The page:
A number of private banks and wealth managers offer tempting benefits to their clients, particularly those who are particularly high up on the net worth scale. But what is more important to clients? A goody bag with something like the latest iPhone – or meeting fellow clients for valuable networking on mutual experiences and the chance to learn from other wealtherati?
When it comes to the goody bag, the Citigold wealth management service doesn’t stint. It will, for example, bung you a £500 welcome reward if you maintain a decent balance with it for three months. That rises to £1,000 for a £650,000 investment. As a private client, you can get access to posh airport lounges, a 24/7 concierge service and fine dining.
Citi will also hook you up with invitations and offers from brands like the English National Opera, Dubai Mall and Italian design house Pininfarina.
Barclays has its Little Book of Wonders, with a range of events and experiences for select clients. These range from a 007-themed day with Aston Martin to being a zookeeper for a day and VIP seats at Paris fashion shows.
At HSBC, its golden key decorated with jade is open to those who have a minimum of about £3.5 million of investable assets. Goodies include the de rigeur concierge service and advice on building a cellar of fine wines.
Lloyds is rather low-key. Its Mayfair account is targeted at customers with at least £2 million of savings and investments. Perks include a Gourmet Society dining membership, a choice of magazine subscriptions or, rather at the naff end of the goodies, cinema tickets.
Coutts appears to have the most generous mixture of goody bag and networking benefits, with its Thank You service from Coutts for its best clients. Available to Silk cardholders, it offers gifts and experiences to those who annually spend £25,000 on their card and then at higher spend levels until the £1 million mark.
Coutts goes on, “Wine lovers will appreciate our expert guided tour of Burgundy vineyards, with tastings at estates not open to the public. Or explore the wonders of the Nyetimber family estate in West Sussex with a guided tour of the vineyards, before sampling the vintages over lunch with 11 guests.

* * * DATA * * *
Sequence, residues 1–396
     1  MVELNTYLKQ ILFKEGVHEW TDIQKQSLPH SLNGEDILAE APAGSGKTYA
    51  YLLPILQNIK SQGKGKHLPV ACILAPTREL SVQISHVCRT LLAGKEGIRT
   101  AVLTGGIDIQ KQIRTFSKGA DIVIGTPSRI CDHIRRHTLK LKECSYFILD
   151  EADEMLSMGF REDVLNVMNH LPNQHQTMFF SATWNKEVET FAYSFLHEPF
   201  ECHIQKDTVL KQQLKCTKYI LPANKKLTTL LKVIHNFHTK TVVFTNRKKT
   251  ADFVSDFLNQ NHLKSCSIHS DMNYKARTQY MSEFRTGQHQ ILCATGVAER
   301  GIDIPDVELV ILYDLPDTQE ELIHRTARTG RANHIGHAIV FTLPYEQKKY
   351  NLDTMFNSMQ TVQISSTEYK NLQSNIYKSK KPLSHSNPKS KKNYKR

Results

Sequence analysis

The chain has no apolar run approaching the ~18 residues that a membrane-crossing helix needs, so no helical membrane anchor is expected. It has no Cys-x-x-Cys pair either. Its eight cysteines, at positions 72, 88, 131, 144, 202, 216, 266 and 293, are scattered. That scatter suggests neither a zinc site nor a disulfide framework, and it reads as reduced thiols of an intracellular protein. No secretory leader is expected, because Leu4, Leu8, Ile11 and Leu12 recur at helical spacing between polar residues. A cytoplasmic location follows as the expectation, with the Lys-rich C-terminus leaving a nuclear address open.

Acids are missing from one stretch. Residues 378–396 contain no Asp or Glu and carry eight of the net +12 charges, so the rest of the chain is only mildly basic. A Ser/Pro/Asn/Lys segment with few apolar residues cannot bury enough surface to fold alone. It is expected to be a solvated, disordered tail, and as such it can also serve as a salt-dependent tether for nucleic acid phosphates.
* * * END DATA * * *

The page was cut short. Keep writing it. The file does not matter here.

“For those who like sharpening their kitchen skills we have two inspirational cookery schools: The Woodspeen in Newbury with Chef John Campbell and Italian cookery classes at the Lime Wood Hotel in the New Forest. The latter also offers a luxurious spa day.”
Coutts, often referred to as ‘the Queen’s bank’, also offers technology goodies, such as GoPro cameras or for music enthusiasts, Bang & Olufsen. Other popular technology items include Amazon Echo Plus, Kindle Paperwhite, FitBits, Nintendo Switch and Dyson hairdryers.
But it is in intangibles where Coutts insiders think the bank can make the best impact with clients.
“Our clients love networking with other Coutts clients facing similar life stage issues like the long good bye, getting ready and planning for the exit from the family business,” one says.
“It’s a big deal and we work with clients through that stage. It’s valued highly by clients. And is where we add the real value.”
Another aspect of networking is where clients want to start on the journey of philanthropy. A Coutts source says, “We put them together with clients who have been through the same process - that is real value add.”
And as for the Queen and Prince Philip we really don’t think that they yet need counselling on the “long goodbye” although admittedly, they really have reached a splendidly advanced age. Happily, younger Royals, including Prince Harry and bride Meghan are, we are relieved to note, are already starting on the road of learning the family business, with its corporate HQ of Buck House.